Commentary on Parashat Ki Tisa, Exodus 30:11 - 34:35
Parashat Ki Tisa opens with God’s instruction to take a census of Israelite men aged 20 and older. Each man counted is to contribute a half-shekel “to expiate himself … so that there be no plague among them when you count them.”
Why might counting people risk summoning a plague? One explanation is that showing off how many people you have is tantamount to inviting bad luck, as if the evil eye would say: “You think you’re so great? Well, take this!” Later in the Bible, when King David conducts a census of potential soldiers, this does lead directly to a plague that kills 70,000 people. According to the Talmud, David’s error was one that “even schoolchildren know”: One must not count the Jewish people. (Berakhot 62b)
Elsewhere in Jewish tradition we find examples of others taking special care not to make this mistake. King Saul numbers his forces by having each man contribute a shard of pottery, and the Talmud describes the counting of eligible priests by a similarly indirect method. Even today, to know if there are ten eligible adults present for a prayer quorum, it’s customary to count indirectly, using a biblical verse with ten words.
Still, we must ask: Besides the fear of tempting the evil eye, why is counting people forbidden?
One rather literal answer is God’s promise that the children of Israel will be uncountable “like the sand of the sea.” Others suggest that numbering people risks putting too much focus on flawed individuals; better the shelter of collective merit.
More metaphorically, we might say that not counting people is a way to value the unique importance of each individual life, which should never be just a number. When hearing of the massive death tolls of natural disasters, shootings or pandemics, large numbers have the tendency to deaden our ability to comprehend and respond with appropriate concern. Treating people as numbers is dehumanizing, as the blue numbers tattooed on the arms of concentration camp prisoners makes horrifically clear. Personhood is reduced to a bureaucratic tracking device.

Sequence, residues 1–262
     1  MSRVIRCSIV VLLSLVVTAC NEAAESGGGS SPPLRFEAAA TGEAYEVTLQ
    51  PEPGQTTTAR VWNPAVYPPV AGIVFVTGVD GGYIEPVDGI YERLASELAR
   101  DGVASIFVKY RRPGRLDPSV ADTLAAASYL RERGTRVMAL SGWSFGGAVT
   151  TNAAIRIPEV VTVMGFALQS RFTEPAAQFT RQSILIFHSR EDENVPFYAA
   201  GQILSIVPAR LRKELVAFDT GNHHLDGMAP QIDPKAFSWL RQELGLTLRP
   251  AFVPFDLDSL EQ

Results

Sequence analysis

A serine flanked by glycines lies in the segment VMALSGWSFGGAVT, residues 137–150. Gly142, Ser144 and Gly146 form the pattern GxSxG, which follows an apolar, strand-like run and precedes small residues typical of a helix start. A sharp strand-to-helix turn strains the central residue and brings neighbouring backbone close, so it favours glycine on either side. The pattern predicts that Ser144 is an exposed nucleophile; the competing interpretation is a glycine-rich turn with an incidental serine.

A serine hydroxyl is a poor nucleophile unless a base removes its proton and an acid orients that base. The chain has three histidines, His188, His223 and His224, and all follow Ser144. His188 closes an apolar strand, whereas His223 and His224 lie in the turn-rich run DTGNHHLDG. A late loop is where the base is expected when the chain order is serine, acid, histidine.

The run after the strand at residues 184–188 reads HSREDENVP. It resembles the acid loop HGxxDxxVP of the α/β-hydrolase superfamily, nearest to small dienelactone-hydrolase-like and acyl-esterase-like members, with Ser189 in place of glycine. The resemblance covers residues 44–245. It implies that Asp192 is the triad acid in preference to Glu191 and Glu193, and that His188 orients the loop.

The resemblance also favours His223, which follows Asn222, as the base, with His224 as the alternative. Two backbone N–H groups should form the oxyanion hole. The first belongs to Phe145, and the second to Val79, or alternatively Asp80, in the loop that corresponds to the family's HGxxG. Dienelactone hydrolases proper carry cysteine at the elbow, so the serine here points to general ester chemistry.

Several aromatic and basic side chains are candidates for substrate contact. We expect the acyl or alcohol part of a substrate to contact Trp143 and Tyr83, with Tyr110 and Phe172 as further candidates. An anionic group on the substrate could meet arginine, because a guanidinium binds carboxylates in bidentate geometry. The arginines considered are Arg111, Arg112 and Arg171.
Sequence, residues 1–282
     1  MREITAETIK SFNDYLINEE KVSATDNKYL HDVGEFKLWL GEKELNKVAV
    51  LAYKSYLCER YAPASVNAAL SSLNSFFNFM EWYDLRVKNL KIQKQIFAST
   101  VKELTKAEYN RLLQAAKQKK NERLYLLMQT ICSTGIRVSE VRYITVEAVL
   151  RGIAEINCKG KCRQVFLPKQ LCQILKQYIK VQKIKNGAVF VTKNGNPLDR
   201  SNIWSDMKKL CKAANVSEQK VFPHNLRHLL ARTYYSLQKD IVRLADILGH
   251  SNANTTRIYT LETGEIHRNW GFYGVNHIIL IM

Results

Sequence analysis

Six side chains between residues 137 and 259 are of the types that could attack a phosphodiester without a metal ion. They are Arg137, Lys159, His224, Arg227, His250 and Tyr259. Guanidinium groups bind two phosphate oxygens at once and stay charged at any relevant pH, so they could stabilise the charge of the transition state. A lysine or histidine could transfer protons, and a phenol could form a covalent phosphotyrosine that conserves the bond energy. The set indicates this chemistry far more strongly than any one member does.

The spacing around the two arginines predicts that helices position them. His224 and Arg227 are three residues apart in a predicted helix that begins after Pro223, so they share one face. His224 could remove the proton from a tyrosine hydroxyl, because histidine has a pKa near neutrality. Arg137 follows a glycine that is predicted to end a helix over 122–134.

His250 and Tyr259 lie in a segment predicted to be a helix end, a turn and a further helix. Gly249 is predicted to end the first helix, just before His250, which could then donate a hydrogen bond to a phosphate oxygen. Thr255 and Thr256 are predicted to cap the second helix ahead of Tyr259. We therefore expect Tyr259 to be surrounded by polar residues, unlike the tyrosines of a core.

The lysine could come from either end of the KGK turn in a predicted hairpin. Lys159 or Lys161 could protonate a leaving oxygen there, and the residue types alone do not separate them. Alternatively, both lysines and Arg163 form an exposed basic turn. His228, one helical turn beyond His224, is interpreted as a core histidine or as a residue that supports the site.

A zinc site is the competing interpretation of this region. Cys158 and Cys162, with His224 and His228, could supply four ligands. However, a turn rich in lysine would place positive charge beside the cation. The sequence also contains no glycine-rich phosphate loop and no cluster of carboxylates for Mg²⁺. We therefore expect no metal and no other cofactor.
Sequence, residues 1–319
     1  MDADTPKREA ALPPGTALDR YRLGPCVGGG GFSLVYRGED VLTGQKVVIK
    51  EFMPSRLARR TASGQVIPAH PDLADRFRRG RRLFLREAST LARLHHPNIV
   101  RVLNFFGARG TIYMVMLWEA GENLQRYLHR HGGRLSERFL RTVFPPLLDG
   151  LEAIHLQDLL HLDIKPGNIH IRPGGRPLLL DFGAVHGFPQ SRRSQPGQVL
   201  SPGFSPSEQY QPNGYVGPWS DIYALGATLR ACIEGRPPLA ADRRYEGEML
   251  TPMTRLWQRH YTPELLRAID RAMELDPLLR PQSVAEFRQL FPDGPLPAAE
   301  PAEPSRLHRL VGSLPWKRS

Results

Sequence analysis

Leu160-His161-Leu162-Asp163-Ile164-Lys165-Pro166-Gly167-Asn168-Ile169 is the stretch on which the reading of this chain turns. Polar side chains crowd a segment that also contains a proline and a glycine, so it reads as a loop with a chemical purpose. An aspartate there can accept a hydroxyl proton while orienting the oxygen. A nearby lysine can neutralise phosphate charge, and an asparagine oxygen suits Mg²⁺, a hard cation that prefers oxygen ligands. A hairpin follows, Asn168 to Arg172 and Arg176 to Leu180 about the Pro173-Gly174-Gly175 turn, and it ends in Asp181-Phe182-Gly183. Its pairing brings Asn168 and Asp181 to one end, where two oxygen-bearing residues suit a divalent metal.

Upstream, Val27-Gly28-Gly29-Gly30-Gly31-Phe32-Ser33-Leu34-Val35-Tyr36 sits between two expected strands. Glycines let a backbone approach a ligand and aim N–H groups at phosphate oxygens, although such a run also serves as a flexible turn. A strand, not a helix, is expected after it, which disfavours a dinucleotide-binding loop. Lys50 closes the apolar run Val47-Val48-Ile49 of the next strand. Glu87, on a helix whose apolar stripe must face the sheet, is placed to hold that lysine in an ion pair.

“One who takes a single life is accounted as if they have destroyed the entire world,” the rabbis teach us. “And one who saves a life as if they have saved the entire world.” (Sanhedrin 37a) Our human value is innately immeasurable, as anyone grieving a loved one will attest. No one is, or ever could be, just a number.
Indeed, among the first things the Torah tells us is that we human beings are made in the image of God. And this, perhaps, is the symbolic resonance of Ki Tisa’s use of a coin, the half-shekel, to number the Israelites. As the Mishnah reminds us: “When a person mints a coin, each coin from the mold is identical. But not so the Supreme Ruler, the Holy One of Blessing: for each human is minted from the mold of Adam, and yet no two are alike.”
May our love and our grief remind us that every human being on this earth is unique and precious, each individual deserving of dignity.
This article initially appeared in My Jewish Learning’s Reading Torah Through Grief newsletter on March 10, 2023. To sign up to receive this newsletter each week in your inbox, click here.
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